Artificial intelligence (AI) will either destroy jobs or create new jobs — depending on which report you read. In truth, it’s probably a little of both — AI will undoubtedly replace human workers in some spheres, but it will also create new roles, many of which we can’t yet imagine. A recent report from PA Consulting, titled “People and machines: From hype to reality,” supports this theory and predicts AI is more likely to create jobs than destroy them.
The research behind this report, based on 750 cross-industry businesses in the U.K., found that 32% of respondents had invested in AI and automation in the last five years, split evenly across tools for cognitive and physical tasks. Of those that had invested, 43% reported an increase in jobs as a result, while 40% reported a reduction.
“Our research shows AI and automation are likely to lead to a net gain in job numbers,” the report reads. “As some types of jobs disappear, new ones will emerge.” These findings are supported elsewhere — the Organization for Economic Co-operation and Development (OECD) also predicts that while AI and automation will certainly impact jobs, there will be no net loss.
So what kinds of shiny new jobs can we expect? Sweden’s Einride gives us some idea — the autonomous trucking startup has announced that it’s now hiring remote truck operators. The company expects to make its first hire in Sweden in March, followed by similar hires in the U.S. later this year.
“New transportation system”
Einride, which has raised north of $30 million since its inception in 2016, has developed the electric T-pod, which it touts as an entirely “new transportation system.” Each pod is around 23 feet in length and can hold 15 standard pallets and travel 124 miles on a single charge. Most notably, the T-pod isn’t a standard truck retrofitted to drive itself — there’s no physical space inside the T-pod for a human to sit.
Einride’s T-pod adopts a hybrid driverless approach — on highways, the vehicle is designed to drive itself, but when it exits onto main city roads it switches to remote control and a human takes over from afar. Those same operators are also ready to control several pods on highways, should the situation require it.
Einride’s first hire will be a former truck driver who will retrain and learn to control multiple trucks from a remote room. The operator will also provide feedback on development of the company’s remote driver station, informing the work environment of tomorrow’s truckers. This evolution offers a glimpse into how other jobs could shift as AI advances — industry-specific expertise will likely still be required even if job descriptions change.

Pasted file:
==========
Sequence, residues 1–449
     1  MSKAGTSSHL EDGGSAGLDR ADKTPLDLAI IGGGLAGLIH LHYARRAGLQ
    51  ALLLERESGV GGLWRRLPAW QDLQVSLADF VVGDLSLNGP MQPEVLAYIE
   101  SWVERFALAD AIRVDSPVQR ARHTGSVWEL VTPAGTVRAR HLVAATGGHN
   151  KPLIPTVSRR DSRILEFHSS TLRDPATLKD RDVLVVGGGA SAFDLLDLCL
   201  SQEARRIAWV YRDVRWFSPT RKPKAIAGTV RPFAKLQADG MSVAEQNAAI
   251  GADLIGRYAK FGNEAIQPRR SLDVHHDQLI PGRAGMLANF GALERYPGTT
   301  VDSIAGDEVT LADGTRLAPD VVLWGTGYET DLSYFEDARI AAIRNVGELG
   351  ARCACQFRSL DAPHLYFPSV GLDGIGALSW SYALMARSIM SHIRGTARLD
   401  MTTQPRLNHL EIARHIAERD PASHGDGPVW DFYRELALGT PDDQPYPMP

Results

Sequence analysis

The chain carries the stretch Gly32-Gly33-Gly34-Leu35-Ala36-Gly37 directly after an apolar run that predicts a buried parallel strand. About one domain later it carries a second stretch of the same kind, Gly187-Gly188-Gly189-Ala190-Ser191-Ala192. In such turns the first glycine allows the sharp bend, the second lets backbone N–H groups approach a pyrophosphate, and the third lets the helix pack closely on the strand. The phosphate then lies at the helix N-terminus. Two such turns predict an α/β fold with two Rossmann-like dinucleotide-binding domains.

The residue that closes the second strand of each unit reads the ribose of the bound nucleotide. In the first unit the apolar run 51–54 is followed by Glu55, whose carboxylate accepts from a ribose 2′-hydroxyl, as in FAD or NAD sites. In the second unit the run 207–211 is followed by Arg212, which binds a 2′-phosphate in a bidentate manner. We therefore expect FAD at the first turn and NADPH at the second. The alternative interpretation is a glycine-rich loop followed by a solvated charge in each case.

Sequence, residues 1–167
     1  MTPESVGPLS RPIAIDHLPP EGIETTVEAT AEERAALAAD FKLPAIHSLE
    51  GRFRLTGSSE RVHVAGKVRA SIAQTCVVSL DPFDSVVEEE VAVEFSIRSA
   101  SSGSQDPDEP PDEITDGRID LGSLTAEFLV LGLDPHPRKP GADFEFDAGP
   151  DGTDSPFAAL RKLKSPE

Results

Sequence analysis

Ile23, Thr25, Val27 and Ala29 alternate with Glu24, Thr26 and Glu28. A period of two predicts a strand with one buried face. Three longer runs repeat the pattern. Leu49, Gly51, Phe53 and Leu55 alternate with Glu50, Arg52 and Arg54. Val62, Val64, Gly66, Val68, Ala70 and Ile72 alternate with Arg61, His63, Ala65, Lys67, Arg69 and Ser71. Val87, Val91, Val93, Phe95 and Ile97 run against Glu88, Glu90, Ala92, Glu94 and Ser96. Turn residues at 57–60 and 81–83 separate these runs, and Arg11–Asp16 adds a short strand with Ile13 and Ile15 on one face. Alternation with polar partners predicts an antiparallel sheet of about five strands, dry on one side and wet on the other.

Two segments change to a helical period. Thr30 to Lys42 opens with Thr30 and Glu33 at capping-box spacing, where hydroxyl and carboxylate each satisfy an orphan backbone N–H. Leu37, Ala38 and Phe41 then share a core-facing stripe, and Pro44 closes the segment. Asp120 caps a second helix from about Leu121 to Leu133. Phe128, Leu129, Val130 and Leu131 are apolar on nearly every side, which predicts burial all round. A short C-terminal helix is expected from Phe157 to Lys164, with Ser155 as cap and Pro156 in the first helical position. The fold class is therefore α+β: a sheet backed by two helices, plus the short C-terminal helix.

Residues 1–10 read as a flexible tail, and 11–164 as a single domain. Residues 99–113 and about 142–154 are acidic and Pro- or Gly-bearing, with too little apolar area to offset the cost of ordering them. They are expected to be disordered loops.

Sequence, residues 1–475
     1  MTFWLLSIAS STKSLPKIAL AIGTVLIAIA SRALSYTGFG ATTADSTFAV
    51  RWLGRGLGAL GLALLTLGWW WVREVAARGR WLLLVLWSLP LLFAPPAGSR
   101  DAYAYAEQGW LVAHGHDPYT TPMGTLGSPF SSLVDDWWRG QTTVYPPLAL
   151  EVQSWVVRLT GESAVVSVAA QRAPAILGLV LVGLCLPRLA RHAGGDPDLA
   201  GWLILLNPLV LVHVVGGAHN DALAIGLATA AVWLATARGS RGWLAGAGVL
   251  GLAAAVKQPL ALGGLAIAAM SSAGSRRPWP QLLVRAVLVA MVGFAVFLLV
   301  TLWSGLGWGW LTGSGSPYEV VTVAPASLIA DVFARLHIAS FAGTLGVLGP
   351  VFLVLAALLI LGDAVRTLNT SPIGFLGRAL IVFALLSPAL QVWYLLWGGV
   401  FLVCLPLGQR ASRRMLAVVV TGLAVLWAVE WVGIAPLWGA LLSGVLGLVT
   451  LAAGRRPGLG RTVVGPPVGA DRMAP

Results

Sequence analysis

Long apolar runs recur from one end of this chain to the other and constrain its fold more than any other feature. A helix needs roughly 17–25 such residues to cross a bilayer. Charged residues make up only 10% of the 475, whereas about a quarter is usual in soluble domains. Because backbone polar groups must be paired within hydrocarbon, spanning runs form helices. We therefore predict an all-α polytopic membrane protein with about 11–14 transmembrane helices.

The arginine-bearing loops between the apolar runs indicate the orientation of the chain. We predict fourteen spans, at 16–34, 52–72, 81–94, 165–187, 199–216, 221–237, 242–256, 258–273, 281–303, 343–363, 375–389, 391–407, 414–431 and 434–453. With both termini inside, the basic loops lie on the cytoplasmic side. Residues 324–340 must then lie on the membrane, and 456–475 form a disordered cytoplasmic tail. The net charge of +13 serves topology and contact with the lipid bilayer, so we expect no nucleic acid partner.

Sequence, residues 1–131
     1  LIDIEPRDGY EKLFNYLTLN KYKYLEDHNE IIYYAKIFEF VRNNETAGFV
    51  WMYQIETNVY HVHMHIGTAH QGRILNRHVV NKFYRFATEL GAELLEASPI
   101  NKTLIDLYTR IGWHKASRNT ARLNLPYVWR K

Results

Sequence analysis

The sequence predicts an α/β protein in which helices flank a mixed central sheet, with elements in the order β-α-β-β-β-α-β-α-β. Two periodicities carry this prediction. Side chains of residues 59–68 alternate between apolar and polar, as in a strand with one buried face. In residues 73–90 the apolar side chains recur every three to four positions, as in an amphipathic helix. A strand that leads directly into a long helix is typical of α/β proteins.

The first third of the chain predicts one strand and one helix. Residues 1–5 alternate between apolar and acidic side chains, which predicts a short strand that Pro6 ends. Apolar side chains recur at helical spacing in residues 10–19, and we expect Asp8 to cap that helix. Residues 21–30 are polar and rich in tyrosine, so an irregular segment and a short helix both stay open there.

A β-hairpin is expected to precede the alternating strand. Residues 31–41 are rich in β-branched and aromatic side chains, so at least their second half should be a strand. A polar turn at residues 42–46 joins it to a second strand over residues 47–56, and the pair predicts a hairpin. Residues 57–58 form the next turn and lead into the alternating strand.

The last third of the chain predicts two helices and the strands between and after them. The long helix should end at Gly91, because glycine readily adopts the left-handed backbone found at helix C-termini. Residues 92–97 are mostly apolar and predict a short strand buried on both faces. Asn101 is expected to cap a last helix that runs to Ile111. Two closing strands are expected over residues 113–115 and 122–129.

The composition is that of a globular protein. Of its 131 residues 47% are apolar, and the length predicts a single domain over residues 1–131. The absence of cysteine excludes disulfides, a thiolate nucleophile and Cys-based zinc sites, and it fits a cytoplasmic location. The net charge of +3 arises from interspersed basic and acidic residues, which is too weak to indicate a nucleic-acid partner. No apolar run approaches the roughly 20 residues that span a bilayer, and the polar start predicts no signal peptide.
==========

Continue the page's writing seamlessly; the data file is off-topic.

“Today, our autonomous pods are operated by developers — robot engineers trained to drive trucks,” Einride CEO and founder Robert Falck said. “A commercially scalable solution must rely on truck drivers, trained to remote-operate robots. The ins and outs of that future [are] what we’re investigating now, by involving truck drivers in the process.”
The global truck transportation market is pegged at $1.5 trillion, making it a sizeable target for disruption. Einride said electrification and automation will enable it to optimize the road freight industry by reducing fuel and energy costs by 70%, cutting operating costs by 60%, increasing productivity by 200%, and reducing Co2 emissions by 90%. Other companies working in the autonomous vehicle remote assistance and tele-operations space include Ottopia and Scotty Labs, which was acquired by DoorDash last year.
What all these companies show is that AI — for the foreseeable future, at least — will require humans to oversee things.
“AI will always have to be supervised,” Falck told VentureBeat. “Autonomous vehicles would be the obvious example, where I think human monitoring will be needed for many years to come, to help out in complex situations. And we’ll need rapid reaction teams to perform maintenance on broken down robo-cars. We’ll need all kinds of support functions that don’t exist today. But this is not just about practicality, it is about moral responsibility, which is a human construct and a notoriously tricky one at that.”
In a world full of AI, humans will likely still be required across industries, whether for supervision, remote assistance, training, ethical decision-making, or other input.
“Philosophers distinguish between explicit and tacit knowledge, tacit knowledge being difficult to transfer verbally,” Falck continued. “So how do you translate it into code? Machine learning could be said to be a solution to that problem, but that is not a transparent process. So we’ll need people who can reconstruct decisions made by self-learning machines, who can detect bias in self-learning algorithms, etc. The very opacity of AI and the ethical problems that flow from that will generate new interesting jobs.”